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San Francisco Sunday, 18 February, 2001, 00:15 GMT
Genome probes 'cures that kill'
BBC Graphic
The human genome sequence could help scientists find out why a drug that cures one person can kill another.

Scientists say our genetic make-up can often play a big part in the way we react to certain drug compounds.


It is hugely important and is the thing that we believe will lead to a large development of treatments and many more tailored to individuals

Dr Lesley Walker
Researchers hope that data from the human genome project can be used to tailor treatments for more personal care. It could prevent those situations where, for example, an antibiotic may cure a bladder infection in one patient but bring another patient out in a rash.

Dr Wendell Weber, a medical geneticist at the University of Michigan Medical School, US, said that most doctors did not understand the effects of drugs on individuals.

Racial differences

"Physicians and patients understand that genes influence health and disease, but most don't realise the harmful effects pharmaceutical drugs can have on genetically susceptible people," he said.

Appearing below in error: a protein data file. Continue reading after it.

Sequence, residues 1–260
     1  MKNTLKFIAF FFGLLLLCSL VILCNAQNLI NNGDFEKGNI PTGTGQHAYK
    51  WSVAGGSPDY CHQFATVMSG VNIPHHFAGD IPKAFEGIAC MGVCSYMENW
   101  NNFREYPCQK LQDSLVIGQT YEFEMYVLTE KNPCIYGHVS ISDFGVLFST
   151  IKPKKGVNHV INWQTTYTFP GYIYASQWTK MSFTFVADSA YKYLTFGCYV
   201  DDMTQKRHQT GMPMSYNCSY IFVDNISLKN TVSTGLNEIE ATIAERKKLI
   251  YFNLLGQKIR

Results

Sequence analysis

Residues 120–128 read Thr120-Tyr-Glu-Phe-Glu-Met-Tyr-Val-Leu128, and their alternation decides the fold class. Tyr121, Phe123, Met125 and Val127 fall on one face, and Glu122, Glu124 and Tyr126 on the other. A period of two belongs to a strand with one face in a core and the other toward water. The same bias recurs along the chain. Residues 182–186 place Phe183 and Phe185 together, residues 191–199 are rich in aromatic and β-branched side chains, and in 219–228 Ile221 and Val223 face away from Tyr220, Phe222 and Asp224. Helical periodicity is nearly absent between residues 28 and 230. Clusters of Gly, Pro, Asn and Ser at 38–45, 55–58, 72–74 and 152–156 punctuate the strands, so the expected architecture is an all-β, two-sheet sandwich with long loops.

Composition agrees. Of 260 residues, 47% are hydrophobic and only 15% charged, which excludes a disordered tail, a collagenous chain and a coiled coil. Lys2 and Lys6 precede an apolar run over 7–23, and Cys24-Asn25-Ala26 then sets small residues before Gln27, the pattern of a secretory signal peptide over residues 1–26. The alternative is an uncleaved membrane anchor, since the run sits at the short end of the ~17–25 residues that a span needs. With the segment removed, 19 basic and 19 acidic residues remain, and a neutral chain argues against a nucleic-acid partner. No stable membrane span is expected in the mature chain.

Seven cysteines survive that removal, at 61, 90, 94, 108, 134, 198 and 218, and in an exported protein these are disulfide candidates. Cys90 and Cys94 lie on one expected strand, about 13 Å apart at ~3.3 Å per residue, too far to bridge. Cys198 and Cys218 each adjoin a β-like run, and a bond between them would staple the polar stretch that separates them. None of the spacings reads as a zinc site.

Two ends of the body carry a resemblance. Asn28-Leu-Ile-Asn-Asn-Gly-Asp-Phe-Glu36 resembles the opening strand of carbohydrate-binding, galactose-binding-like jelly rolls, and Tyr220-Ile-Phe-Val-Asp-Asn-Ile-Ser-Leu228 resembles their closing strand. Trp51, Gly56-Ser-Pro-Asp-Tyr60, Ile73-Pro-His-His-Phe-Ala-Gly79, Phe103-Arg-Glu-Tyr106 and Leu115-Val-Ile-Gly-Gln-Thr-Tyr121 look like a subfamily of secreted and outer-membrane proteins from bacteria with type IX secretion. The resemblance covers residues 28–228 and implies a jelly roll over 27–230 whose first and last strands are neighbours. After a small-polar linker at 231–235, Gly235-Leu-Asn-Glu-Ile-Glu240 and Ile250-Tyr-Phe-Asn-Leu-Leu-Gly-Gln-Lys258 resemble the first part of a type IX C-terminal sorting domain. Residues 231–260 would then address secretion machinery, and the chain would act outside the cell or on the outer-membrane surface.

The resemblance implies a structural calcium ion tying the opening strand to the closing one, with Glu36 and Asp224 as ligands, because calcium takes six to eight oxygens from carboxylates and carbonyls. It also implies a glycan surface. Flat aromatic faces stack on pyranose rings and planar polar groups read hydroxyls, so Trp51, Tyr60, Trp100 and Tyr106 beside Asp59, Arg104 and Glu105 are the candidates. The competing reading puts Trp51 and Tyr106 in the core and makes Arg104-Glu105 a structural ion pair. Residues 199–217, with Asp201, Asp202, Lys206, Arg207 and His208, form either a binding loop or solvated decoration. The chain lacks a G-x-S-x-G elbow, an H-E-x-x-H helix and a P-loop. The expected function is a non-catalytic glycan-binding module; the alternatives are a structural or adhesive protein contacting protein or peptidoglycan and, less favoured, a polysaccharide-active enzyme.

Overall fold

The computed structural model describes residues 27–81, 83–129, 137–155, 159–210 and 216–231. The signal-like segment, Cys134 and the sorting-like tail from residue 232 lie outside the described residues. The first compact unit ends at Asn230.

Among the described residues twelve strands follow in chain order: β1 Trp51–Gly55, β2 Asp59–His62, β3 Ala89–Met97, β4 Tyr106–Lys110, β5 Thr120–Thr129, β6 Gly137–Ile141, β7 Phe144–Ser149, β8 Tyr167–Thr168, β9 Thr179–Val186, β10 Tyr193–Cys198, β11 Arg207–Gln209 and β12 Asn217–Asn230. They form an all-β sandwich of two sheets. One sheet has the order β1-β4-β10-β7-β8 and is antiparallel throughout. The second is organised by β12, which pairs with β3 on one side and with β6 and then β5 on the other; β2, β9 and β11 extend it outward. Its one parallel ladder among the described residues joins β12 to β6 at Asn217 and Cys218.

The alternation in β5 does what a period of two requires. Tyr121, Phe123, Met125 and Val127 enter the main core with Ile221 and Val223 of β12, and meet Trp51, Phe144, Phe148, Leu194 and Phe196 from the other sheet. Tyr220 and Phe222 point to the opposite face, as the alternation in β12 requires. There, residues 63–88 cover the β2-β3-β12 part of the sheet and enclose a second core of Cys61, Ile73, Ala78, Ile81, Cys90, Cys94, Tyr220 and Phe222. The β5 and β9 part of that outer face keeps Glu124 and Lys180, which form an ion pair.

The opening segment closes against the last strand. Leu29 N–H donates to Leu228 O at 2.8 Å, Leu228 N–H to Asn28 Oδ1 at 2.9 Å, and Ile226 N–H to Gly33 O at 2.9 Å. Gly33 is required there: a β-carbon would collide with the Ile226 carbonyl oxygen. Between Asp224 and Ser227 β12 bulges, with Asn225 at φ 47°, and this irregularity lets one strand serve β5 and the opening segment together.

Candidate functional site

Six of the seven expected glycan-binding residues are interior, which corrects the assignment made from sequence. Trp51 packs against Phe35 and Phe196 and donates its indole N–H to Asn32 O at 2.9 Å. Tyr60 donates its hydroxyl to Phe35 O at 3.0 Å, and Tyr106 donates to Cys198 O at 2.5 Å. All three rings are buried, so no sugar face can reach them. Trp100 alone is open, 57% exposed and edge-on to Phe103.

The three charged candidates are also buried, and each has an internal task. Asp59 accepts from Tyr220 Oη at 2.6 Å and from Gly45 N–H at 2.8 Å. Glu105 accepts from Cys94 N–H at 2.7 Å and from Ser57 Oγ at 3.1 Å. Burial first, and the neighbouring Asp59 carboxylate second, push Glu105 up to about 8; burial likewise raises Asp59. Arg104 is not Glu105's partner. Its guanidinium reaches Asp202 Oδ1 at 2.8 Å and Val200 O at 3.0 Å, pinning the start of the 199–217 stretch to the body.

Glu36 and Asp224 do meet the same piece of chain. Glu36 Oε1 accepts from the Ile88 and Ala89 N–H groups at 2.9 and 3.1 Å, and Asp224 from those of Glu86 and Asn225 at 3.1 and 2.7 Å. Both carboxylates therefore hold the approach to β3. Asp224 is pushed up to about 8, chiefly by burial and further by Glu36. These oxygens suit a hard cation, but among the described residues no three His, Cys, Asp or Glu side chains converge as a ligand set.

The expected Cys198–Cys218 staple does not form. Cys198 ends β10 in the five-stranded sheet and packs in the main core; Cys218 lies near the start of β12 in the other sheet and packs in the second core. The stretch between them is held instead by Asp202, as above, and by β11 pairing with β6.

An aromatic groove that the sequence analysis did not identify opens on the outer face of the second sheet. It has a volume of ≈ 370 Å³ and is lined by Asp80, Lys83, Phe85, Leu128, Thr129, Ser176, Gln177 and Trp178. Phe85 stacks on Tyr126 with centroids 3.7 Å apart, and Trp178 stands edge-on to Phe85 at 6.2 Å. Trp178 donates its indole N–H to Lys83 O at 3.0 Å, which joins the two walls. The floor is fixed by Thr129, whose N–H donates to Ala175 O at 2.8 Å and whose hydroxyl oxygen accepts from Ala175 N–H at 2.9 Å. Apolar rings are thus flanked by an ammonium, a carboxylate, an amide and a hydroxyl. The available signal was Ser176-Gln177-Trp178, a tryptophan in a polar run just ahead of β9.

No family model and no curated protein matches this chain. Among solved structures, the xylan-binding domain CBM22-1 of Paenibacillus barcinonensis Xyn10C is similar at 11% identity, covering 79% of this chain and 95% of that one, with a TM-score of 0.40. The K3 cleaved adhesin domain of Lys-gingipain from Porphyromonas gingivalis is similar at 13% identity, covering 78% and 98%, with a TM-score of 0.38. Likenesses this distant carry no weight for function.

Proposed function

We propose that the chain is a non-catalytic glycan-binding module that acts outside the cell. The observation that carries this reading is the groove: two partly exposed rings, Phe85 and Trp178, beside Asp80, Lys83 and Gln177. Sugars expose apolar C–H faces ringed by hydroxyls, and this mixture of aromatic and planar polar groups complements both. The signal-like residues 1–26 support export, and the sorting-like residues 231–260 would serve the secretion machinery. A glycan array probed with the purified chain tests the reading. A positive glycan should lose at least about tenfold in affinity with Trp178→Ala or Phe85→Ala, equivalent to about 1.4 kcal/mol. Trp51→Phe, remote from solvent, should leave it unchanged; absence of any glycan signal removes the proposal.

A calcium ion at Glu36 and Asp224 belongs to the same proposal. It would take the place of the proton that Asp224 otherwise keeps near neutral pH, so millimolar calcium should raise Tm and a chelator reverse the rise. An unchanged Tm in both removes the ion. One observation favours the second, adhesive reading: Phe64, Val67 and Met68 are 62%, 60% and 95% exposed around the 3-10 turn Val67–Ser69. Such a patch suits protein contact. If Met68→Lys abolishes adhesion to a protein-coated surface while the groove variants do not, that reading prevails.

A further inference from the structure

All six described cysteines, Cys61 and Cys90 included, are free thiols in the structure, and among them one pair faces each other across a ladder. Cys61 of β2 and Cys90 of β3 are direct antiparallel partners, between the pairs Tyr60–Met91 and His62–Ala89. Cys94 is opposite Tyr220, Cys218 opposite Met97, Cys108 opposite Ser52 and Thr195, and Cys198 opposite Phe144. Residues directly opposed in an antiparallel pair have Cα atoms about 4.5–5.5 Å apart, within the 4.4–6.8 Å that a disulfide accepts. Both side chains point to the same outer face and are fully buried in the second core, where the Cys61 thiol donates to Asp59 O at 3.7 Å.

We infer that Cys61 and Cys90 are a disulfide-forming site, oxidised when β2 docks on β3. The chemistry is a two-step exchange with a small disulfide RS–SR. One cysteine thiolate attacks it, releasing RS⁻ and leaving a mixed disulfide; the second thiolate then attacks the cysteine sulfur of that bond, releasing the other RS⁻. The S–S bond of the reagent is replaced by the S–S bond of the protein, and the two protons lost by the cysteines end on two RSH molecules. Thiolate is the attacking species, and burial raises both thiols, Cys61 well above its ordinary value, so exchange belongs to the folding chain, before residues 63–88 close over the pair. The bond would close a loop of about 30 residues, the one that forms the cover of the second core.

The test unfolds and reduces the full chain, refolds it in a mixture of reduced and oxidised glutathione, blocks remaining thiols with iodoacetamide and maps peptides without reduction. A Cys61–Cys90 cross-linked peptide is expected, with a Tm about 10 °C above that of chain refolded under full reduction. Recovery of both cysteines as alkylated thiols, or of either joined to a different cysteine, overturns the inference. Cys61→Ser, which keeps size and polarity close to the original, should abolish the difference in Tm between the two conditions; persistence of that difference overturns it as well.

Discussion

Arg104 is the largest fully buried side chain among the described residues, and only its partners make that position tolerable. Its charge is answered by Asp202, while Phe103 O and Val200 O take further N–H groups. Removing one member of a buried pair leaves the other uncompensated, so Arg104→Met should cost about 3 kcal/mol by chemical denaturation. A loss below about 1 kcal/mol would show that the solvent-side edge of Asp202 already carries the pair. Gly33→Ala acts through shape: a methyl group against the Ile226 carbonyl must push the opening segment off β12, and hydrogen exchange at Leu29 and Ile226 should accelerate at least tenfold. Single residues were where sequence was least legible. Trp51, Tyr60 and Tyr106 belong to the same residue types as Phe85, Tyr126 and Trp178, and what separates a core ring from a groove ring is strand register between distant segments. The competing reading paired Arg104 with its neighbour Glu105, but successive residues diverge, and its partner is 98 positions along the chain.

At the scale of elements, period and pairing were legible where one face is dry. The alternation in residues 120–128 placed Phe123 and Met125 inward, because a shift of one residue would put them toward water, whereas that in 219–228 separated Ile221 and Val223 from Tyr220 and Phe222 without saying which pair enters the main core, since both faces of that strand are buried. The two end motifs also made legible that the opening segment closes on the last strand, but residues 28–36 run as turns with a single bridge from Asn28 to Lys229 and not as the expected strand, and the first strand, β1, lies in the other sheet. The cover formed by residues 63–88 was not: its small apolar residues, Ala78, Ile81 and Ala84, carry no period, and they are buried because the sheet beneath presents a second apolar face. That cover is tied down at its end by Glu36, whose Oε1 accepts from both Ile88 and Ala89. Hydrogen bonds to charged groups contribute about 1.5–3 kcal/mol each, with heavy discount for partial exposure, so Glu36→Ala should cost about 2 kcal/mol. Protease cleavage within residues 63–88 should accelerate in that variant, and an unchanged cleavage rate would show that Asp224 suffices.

Dr Weber told the annual meeting of the American Association for the Advancement of Science, in San Francisco, that the completion of the human genome project would have a huge impact on the pharmaceutical industry.

He said it was already known that polymorphisms - variations within a gene - could cause certain racial groups to be more sensitive than others to particular drugs.

"Population frequencies of many polymorphic genes vary with race or ethnic background. For example, a condition called primaquine sensitivity is responsible for the reaction of many African, Mediterranean and Asian men to certain drugs.

"Another mutated gene accounts for the remarkable sensitivity of the Japanese to alcohol," he added.

Huge impact

Dr Weber said he hoped new scientific advances would make drug sensitivity a thing of the past.

"There are millions of polymorphisms in the human genome. Fortunately, only a limited number affect how people react to drugs or environmental substances.

"We already have identified many of them, and data from the human genome project should make it easy to find the others."

Dr Lesley Walker, of the Cancer Research Campaign, said work like this would have a huge impact on the care of diseases like cancer.

"It is hugely important and is the thing that we believe will lead to a large development of treatments and many more tailored to individuals," she said.

See also:

13 Feb 01 | Business
15 Apr 99 | Science/Nature
30 May 00 | Sci Tech
26 Jun 00 | Science/Nature
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